March for Life President Jeanne Mancini announced that the theme of the 2023 march will center on marching into a post-Roe America.

“There’s a lot of confusion about the inherent dignity of the unborn child,” said Mancini at The Heritage Foundation in Washington, D.C., Thursday. “Our enemy is the lie that abortion is good for women,” Mancini added. This lie, she explained, is a key issue the pro-life movement will tackle following the overturn of Roe v. Wade. (The Daily Signal is the news outlet of The Heritage Foundation.)

The next steps for building a culture of life will be to continue marching boldly every January, she added. Pro-lifers will no longer march to the Supreme Court, but to the U.S. Capitol and state capitols throughout the country.

January’s event will mark the 50th anniversary of the March for Life, founded the same year as the Supreme Court’s Roe v. Wade decision to legalize abortion in all 50 states. Thousands of pro-lifers have gathered in Washington each year to protest the court’s Roe v. Wade decision, which was overruled in Dobbs v. Jackson Women’s Health Organization this June.

The Dobbs ruling allowed states to make their own laws on abortion. For this reason, March for Life leaders insist there is still much work to do after Roe. At least 16 states and the District of Columbia are working to pass laws that would enshrine the “right” to abortion.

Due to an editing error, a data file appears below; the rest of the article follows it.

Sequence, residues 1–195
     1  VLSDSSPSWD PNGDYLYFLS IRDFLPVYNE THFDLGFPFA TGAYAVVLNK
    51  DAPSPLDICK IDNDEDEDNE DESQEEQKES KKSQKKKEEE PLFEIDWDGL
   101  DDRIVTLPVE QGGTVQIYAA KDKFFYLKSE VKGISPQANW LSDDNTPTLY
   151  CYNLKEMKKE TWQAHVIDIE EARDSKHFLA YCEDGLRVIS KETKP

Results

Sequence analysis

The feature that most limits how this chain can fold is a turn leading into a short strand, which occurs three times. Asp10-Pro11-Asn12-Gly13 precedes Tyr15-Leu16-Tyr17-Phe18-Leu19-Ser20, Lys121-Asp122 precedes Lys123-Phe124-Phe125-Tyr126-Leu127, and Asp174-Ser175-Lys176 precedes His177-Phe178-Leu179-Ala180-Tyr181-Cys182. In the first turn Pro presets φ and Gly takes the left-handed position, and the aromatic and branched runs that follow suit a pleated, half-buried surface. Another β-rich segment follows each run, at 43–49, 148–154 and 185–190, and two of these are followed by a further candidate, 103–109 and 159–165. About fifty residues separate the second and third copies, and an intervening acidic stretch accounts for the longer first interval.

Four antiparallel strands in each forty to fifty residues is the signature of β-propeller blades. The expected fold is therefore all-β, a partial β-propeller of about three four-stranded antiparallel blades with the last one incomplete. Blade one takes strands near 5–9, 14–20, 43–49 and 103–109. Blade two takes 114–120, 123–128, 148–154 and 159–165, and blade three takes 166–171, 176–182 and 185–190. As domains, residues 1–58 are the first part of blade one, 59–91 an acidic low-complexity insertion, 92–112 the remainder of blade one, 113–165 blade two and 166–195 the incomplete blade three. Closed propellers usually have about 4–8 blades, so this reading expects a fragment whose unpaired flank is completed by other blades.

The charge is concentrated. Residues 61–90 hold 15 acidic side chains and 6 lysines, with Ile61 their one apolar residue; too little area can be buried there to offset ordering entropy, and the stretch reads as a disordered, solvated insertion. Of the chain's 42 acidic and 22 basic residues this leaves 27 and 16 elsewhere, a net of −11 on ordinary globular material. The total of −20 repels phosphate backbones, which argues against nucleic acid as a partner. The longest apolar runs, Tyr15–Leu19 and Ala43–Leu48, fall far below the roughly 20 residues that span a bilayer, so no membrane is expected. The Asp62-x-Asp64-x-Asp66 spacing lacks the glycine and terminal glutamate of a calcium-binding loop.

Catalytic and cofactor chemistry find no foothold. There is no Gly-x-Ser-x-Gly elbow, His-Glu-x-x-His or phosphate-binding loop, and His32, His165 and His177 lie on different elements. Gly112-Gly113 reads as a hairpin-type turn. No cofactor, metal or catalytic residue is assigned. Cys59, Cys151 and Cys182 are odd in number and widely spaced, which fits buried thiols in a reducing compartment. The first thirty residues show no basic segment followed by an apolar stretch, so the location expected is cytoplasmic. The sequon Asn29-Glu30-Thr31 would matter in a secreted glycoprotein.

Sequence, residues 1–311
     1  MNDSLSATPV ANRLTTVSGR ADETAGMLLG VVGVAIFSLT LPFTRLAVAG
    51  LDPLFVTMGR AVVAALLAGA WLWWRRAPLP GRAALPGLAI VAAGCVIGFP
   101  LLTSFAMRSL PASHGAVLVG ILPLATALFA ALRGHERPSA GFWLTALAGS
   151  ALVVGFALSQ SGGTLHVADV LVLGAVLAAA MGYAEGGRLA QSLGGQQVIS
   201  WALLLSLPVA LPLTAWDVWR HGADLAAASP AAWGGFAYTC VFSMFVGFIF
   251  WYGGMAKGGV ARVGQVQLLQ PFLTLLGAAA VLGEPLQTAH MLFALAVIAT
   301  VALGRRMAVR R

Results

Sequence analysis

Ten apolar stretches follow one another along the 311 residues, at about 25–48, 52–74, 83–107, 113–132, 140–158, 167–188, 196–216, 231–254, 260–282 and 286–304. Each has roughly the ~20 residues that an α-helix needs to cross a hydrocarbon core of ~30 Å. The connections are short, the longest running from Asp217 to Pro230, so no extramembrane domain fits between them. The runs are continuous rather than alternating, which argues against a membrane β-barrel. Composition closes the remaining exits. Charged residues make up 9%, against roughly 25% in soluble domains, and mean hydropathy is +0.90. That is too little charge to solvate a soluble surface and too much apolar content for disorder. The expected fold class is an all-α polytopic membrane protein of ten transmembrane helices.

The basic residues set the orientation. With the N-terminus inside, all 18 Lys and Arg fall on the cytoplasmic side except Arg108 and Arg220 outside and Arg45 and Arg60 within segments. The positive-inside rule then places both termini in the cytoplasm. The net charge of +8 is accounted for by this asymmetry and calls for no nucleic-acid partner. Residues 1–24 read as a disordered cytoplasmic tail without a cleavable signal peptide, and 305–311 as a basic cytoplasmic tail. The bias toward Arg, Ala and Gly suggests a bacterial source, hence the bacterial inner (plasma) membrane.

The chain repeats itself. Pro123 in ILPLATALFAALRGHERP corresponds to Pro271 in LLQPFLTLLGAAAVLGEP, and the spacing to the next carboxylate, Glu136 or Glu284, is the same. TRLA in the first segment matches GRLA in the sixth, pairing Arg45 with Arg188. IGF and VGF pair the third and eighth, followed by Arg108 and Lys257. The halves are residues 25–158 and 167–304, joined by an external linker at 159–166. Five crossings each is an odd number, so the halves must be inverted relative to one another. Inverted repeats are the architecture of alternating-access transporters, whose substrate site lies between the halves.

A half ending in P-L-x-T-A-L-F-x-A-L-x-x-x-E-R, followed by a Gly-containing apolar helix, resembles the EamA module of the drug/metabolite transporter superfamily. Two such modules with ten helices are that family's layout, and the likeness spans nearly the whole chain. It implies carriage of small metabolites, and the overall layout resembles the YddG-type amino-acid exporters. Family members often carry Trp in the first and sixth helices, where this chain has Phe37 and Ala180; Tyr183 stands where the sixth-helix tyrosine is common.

Other states, including Oklahoma, Mississippi, and Texas, have allowed their pre-Roe laws protecting unborn children to take effect following Dobbs.

Mancini said Thursday that pro-life Americans must celebrate the momentous overturn of Roe v. Wade. “I want to thank all of you who’ve marched over the years, all of you who have borne witness to the poorest of the poor, the most vulnerable, the unborn by marching on the Capitol, by marching to the Supreme Court,” she said.

Mancini added that she believes testimony of pro-life activists over the past 49 years moved the Supreme Court justices in their Dobbs ruling this June. “Your testimony marching in Washington, D.C., shutting down this city every year for the largest annual human rights demonstration worldwide has borne fruit,” she said. “It’s absolutely borne fruit in the overturn of Roe.”

“This is a moment where our culture has been changed,” said Mancini.

Heritage Foundation President Kevin Roberts shared three strategies for the pro-life movement at the Thursday event. Roberts said that “first and foremost, the fight does go to the states,” but congressmen cannot “give up the fight in the imperial city of Washington, D.C.”

Currently, Roberts continued, “there is not a single, major public institution in this country that is pro-life.” Pro-lifers must lean into institutions that we can still salvage, while parting with those that are too far gone.

Lastly, Roberts said that pro-life Americans should focus on their own daily lives, rebuilding families, communities, and states. “How we treat others and how we prioritize our relationships is what it means ultimately to be pro-life,” he said. “That’s the long view.”

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